The Moya View

An Old Poet

The rancher poet Wally McRae

The old poet walks downs the streets of his dying city.
The ancient tenements, stories upon stories of them,
rise up before him. He thinks he may have inhabited them. He remembers- he built them but never inhabited
them. He looks closer and the bricks are in the shape
of his mothers teeth-square and right and just;
the broken windows yellow with known fingerprints; the
stairways littered with trimmings long since abandoned.

He looks through his pockets for the list of places he
has been to, starting with the most distant- or
was it places that he has not been to?
He can’t find it. It has been lost lost, misplaced.
Did he ever write it at all? He doesn’t know the
answer to that, will never know the answer to that.

“Being an old poet is very difficult,” he thinks.
“It takes time and will I don’t have anymore.
Every heart use to be open up like a hospitable inn.”
He chuckled admiring but also hating the simile
he used infrequently in his own poems. How he
couldn’t finish reading poems that started with them,
were nothing but them, or even used more than two.

In his wanderings through memory he couldn’t
distinguish whether himself or another poet
wrote what he was reading now. The voice
was familiar. So was the tone. It was always
that lonely one- the one at the edge of
the forest of eternity. He remembered
the times he had scooted indoors to avoid
the rush and noise of the crowd to search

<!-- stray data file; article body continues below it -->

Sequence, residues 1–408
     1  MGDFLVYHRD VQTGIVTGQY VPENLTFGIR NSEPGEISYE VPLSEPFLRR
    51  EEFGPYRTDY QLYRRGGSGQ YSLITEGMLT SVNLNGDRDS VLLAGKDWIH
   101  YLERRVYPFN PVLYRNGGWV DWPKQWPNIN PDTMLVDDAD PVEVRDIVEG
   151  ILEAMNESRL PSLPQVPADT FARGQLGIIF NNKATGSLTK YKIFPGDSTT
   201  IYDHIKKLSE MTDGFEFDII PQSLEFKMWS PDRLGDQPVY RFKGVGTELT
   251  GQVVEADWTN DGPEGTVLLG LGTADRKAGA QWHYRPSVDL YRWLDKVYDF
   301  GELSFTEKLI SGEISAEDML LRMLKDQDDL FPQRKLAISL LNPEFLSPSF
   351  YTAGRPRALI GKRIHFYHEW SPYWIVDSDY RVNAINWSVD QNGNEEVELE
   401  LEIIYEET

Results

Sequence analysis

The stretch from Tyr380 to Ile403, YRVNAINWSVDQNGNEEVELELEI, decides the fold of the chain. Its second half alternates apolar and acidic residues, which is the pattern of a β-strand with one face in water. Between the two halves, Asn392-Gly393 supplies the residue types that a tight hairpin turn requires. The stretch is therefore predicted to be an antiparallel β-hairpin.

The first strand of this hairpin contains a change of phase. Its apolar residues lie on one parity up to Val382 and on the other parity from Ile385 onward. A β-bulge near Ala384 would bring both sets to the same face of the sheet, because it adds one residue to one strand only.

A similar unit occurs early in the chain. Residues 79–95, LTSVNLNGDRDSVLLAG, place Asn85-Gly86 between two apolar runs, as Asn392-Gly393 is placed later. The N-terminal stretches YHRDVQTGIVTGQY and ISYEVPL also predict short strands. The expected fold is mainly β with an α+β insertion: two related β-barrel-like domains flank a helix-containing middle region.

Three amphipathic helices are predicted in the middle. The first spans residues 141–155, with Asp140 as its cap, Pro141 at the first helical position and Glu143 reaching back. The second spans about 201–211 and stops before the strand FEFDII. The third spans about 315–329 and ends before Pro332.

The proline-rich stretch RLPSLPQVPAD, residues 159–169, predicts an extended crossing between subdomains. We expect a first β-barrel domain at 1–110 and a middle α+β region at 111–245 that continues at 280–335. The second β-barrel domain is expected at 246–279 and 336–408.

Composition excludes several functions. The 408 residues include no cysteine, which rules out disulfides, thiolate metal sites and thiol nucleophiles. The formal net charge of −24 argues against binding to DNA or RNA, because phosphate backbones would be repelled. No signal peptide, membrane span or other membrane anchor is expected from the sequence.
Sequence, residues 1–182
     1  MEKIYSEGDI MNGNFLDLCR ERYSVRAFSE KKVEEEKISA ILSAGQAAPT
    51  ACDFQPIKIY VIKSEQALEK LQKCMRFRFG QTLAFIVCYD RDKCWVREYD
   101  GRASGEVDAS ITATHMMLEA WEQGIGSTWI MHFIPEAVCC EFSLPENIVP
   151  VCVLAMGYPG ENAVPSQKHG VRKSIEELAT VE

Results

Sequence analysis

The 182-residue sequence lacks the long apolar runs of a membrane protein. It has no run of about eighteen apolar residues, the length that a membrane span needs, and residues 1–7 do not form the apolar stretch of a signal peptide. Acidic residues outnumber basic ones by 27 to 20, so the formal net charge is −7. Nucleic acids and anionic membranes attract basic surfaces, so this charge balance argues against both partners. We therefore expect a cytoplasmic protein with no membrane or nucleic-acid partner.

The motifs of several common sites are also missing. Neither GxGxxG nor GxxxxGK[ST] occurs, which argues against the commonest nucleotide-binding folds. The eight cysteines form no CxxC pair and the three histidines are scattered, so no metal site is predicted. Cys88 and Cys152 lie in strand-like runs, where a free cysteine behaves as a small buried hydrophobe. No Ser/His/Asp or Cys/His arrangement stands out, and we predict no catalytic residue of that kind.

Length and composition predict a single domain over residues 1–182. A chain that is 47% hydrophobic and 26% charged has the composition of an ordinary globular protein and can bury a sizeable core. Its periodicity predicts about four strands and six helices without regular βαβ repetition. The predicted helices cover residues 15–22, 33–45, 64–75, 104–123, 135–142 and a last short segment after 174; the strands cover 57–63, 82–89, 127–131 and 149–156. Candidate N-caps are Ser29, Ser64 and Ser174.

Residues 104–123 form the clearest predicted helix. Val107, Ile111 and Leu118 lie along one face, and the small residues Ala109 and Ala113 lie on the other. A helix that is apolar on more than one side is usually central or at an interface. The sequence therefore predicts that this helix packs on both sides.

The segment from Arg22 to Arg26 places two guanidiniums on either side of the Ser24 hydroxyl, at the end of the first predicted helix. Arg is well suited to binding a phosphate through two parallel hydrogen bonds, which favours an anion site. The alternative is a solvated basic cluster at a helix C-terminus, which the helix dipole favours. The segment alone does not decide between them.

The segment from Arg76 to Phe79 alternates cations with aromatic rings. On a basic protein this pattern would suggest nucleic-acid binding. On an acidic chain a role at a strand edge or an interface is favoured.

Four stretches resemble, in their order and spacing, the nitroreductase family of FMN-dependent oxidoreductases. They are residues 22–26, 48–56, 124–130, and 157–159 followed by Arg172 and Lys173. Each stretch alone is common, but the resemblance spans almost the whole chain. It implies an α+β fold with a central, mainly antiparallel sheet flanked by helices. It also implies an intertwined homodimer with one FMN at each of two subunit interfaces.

and find the words all can understand
but only he could find and write.

Now, everything felt like it would be the last one.
“Nothing for the last time. Everything for the last time.”
Did he write it or did that cunt poet Stanley Moss?
He knew the next lines by heart:
“..the last meditation, the last falling asleep,
the last dream before the final make believe,
the last kiss good night, the last look out
the window at the last moonlight.”
Those lines were so damn good,
he must have written them.

There is birdsong outside and over it
a maid singing in Spanish. The voice
sounded like his mother’s song.
The song could have been about cleaning,
doing laundry, fixing and making
things up and putting things back
in their proper places. Or it could
have been about the bird singing,
the dogs barking. Just life. Anything.
He felt it was like something
he was never meant to know.

In the broken street, broken walk
below him he noticed a broken
umbrella and a pair of lady’s
discarded sandals. He opened
the umbrella as far as it could
be opened and danced in small
pirouettes around the lamppost
in front of him, like in that
Gene Kelly movie. He put
the sandals backwards on his
feet and imagined a beautiful
blonde partner dancing with him.
She knew all the steps perfectly.
She could even do them backwards.
He felt safe in this waltz of ideas.


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